I mean, I think it's fantastic that your AppleTV solves all your video problems. Seriously - good on you, mate! But it's not the answer for the rest of us. ;)
     
  11. TheSpaz thread starter macrumors 604

    TheSpaz

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    Jun 20, 2005
    #11
    I agree. I can't see why the iPod touch would be less powerful at output than the other iPods... especially the Nano.
     
  12. henchosbandito macrumors member

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    Jan 24, 2008
    Location:
    Somewhere between 10 and 11
    #12
    this isnt the only thing that bothers me about this cable. Why does it have to be so expensive. In the UK its £35. Im not paying that for a cable (even though it would come in very handy) how much is it in the US (not necessarily from Apple direct. For example, HMV do sell it for £30 i think)
     
  13. Stampyhead macrumors 68020

    Stampyhead

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    Location:
    London, UK
    #13
    He solved HIS problem, not YOUR problem. Perhaps the next generation of iPhones will support progressive scan instead of interlaced scan. If so then the Touch wouldn't be too far behind.
     
  14. TheSpaz thread starter macrumors 604

    TheSpaz

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    #14
    The Apple TV really is a fine piece of hardware... I really, really, really, really, prefer it over my iPod touch ANY DAY.
     
  15. mavis macrumors 68040

    mavis

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    Jul 30, 2007
    Location:
    Tokyo, Japan
    #15
    I guess I just don't see how buying another device solves the problem of the first device not working well. It's like posting a thread saying 'my computer sucks, it only uses half of its RAM' and then posting a reply two days later saying 'OK, problem solved - I just bought a new computer' ... The problem was never actually solved! Or am I missing something here? :rolleyes:

    Whatever. I'm glad the AppleTV is so amazing, but it doesn't change the fact that the TV out on the Touch sucks.
     
  16. goosnarrggh macrumors 68000

    Joined:
    May 16, 2006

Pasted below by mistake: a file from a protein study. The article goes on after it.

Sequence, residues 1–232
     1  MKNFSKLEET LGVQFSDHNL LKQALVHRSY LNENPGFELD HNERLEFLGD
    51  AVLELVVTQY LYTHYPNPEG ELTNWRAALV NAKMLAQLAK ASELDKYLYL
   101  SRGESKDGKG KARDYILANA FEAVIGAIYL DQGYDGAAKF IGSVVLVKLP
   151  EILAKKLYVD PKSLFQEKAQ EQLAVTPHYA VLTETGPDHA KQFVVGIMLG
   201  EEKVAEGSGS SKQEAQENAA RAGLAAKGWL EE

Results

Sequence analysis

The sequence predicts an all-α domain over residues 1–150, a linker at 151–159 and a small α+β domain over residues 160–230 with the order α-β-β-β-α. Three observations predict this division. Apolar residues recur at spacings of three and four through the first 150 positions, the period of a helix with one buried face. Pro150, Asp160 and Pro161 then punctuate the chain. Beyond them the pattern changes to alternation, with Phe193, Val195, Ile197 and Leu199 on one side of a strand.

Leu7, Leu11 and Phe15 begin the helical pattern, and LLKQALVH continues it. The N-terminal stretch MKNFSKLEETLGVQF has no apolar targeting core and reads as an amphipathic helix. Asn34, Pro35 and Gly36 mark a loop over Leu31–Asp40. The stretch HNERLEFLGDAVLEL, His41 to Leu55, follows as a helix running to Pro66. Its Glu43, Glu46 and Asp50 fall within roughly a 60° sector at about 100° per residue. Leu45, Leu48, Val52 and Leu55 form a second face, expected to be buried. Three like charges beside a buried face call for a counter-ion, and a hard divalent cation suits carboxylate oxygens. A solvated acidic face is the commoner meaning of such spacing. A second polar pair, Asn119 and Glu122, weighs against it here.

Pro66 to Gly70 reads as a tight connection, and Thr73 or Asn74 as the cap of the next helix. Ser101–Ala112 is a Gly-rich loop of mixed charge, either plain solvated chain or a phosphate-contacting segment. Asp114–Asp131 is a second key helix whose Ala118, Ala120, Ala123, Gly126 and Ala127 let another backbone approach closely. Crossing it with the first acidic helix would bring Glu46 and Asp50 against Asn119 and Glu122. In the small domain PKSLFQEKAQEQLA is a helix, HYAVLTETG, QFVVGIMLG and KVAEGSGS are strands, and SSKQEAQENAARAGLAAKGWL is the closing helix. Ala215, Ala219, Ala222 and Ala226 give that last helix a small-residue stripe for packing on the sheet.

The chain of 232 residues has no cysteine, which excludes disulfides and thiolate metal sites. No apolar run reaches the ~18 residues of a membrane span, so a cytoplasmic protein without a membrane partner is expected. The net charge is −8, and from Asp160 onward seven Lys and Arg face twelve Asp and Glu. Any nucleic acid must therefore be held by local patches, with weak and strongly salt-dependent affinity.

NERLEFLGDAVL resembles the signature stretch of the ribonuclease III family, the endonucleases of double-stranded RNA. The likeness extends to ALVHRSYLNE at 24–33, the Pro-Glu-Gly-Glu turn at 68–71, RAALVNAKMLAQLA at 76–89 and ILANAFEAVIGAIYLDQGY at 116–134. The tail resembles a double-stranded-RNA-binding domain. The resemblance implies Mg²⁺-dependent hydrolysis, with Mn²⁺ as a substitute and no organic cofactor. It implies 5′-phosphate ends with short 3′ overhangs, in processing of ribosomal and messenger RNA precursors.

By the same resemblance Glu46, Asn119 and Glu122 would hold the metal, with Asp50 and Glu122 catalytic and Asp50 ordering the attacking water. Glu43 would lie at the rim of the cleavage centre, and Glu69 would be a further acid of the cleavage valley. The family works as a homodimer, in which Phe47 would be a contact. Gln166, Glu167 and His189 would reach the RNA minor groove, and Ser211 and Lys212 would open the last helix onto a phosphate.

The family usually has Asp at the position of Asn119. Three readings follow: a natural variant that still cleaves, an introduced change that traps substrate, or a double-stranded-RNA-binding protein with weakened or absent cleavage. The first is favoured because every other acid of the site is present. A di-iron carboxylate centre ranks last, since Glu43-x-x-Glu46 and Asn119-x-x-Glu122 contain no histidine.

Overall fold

#16
    The poor resolution of the iPod Touch's video output was, for him, not a problem in itself, but rather a symptom of the iPod Touch's inadequacy to meet the requirements of the real problem.

    His real problem, apparently, was that he simply needed the ability (he didn't care how) to play back high resolution digital video files on a fixed TV set.

    The iPod Touch was simply one potential tool that might have been used as a solution to the real problem. That solution proved to be inadequate.

    He found a different potential solution to his problem: use an Apple TV. That solution turned out to be adequate.

    Your individual requirements (and thus the solution to your problem) may turn out to be different. For example, you may require portability as a paramount feature, thus a pocket-sized digital media player would be the ideal form factor, and the the Apple TV may be ruled out as a potential solution for you.
     
  17. Consultant macrumors G5

    Consultant

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    Jun 27, 2007
    #17
    Write to apple.com/feedback
     
  18. TheSpaz thread starter macrumors 604

    TheSpaz

    Joined:
    Jun 20, 2005
    #18
    Well spoken. Yes, I was going to use my Touch for video-out to the TV and I have been using it for that purpose for a while now... but, after a while, I began to realize that the iPod touch just wasn't designed for my exact needs to get video onto my TV.

    I'll explain. Since I've had an iPod touch, I've been using it for video-out and it worked quite well... that is, until I got an HDTV... now it just looks like crap. Also, I hated the fact that after watching a video, I couldn't use the remote to select a different video to watch. I had to get up, go over to my iPod touch, select a different video, hit the play on TV button and go sit back down. After a while of this... I started to realize that I was trying to use the iPod touch as a digital movie center and it just couldn't do the things that I wanted it to.

    This is where the Apple TV came in handy since now I can USE an Apple TV because I have a new HDTV. Also, the HD movie rentals are a plus for me, as well as being able to stream movies wirelessly to my TV from my bed with the remote! I can browse through my collection, start, stop, watch YouTube videos, watch or download podcasts and listen to music without ever getting up. It's the all-in-one solution for me as well as an upgrade from the iPod touch's very limited video-out function.

    One more thing. I have an EyeTV 250 Plus and I use it to record HD versions of my favorite shows. Before I had my HDTV and Apple TV, I had to first record the show in HD and then compress it down to Standard Def and then copy it to my iPod and then watch it on my HDTV (which looked rather bad). Now all I have to do is record the show, compress for HD resolution that the Apple TV can play and then just stream it to the TV... finally I can enjoy the full quality of my TV shows on my HDTV. Go me.

    I just think the iPod touch is powerful enough to do the things I really wanted it to do.
     
  19. SMDrew macrumors member

    Joined:
    Jun 1, 2008
    #19
    Bit of a thread rez here.. with apologies.

    According to Apple, 2nd Gen iPod Touch supports 480p. No word on iPhone 3GS, but all other touch screens are stuck in the wayback machine at 480i.